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Rennefarre: Dott's Wonderful Travels and Adventures
by Malve Von Hassell
Paperback, first English edition, adapted by the translater, 297 pages
Published December 2012 by Two Harbors Press (first published 1965)
Imagine riding on the back of a blue heron across time and space. Imagine befriending crows, being kidnapped by magpies, and being given a lift on the back of a kindly stag. Imagine experiencing life as an outcast from human society, encountering spirits and mythical creatures from the world of legends, experiencing the plague in Dresden, and being chased through Berlin by Frederick the Great.
Dott is a twelve-year old girl. She lives in the countryside east of Berlin in an unspecified time between the two world wars. When Dott sneaks out to see the bonfire at the edge of her village on the evening of the midsummer night festival, she has no idea what will happen next. In the dark of night, the magical Rennefarre flower falls into her shoe. It not only makes her invisible, but also allows her to see things no one else could see. No longer able to stay with her parents and her young brother and sister, she begins her search to find a way out of her predicament.
Her quest to return home to her family winds its way through the cities and countryside of 20th century Germany—and beyond. As she befriends the local animals, they help her on her way with gifts of food, shelter, and—through the help of a kind spirit—a magical cup which allows her to become small and ride on the backs of the birds.
Flying across the country on the backs of crows and herons, Dott finds herself seeing the country not only as it is, but also as it used to be. She lives through moments in history others can only read about—meeting historical kings and fanciful spirits along the way. But, even with all of the excitement of her travels, she always has one goal in mind: returning home to her family.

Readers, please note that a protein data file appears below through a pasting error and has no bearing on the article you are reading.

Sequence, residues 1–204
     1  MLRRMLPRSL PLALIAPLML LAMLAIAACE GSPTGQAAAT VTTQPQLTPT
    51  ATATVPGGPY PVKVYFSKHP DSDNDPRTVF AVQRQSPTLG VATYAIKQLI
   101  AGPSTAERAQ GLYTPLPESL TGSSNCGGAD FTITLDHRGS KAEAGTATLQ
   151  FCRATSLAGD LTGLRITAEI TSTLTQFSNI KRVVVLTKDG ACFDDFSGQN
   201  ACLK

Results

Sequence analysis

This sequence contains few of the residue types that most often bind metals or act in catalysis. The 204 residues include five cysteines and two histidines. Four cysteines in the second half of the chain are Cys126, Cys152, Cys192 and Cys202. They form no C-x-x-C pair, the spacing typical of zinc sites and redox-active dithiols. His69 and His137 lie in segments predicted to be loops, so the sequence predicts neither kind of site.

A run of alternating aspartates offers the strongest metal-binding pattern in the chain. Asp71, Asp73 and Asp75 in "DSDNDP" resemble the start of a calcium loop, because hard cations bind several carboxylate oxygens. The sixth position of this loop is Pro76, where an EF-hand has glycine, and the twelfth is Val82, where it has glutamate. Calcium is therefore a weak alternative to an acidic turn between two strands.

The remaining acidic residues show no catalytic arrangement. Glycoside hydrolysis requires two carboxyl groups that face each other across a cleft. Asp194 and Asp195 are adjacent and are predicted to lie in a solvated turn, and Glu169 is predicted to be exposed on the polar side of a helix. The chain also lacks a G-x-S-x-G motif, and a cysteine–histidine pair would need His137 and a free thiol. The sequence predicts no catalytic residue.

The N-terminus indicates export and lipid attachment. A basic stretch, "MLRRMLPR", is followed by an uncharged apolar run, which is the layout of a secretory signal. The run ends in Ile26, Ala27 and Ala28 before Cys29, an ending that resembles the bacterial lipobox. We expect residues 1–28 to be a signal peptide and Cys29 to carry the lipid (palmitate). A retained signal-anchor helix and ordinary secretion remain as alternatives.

Part coming-of-age story, part fantasy, and part social-cultural portrait of Eastern Germany in the early part of the 20th century, the book covers real ground. That is, one could follow Dott's travels on a map of the area. Seamlessly blending elements of fantasy and history, the book contains a fascinating array of details of day-to-day life in rural and urban areas in eastern Germany. Dott’s adventures are interwoven with folklore and myths as well as vivid accounts of different eras and the diverse cultural and ethnic strains that have formed the basis for a rich and complex history of Germany and Eastern Europe. Written on the eve of World War II, the book offers a sobering perspective on the human potential for causing devastation. At the same time it is filled with hope. In one scene, Dott gets a glimpse of the future — an utterly destroyed cityscape; it inspires her to look to her own responsibilities and actions in life.
I have a weakness for fairytales from around the world... and this adventure from Germany sounds absolutely amazing. I am happy to share the book & history as well as give away an eCopy with Tribute Tours!
Please welcome Malve Von Hassle to Colorimetry!!
When rereading Rennefarre as an adult, I began to appreciate the amount of research Tamara Ramsay must have engaged in. Alongside an emotionally compelling story of a girl’s attempt to return home to her family, the book offers a wealth of factual detail, vivid descriptions of geography, plant, and animal life, a rich fabric of history and historical figures, and a colorful tapestry of legends and myths, doubly attractive for being rooted in concrete places and events.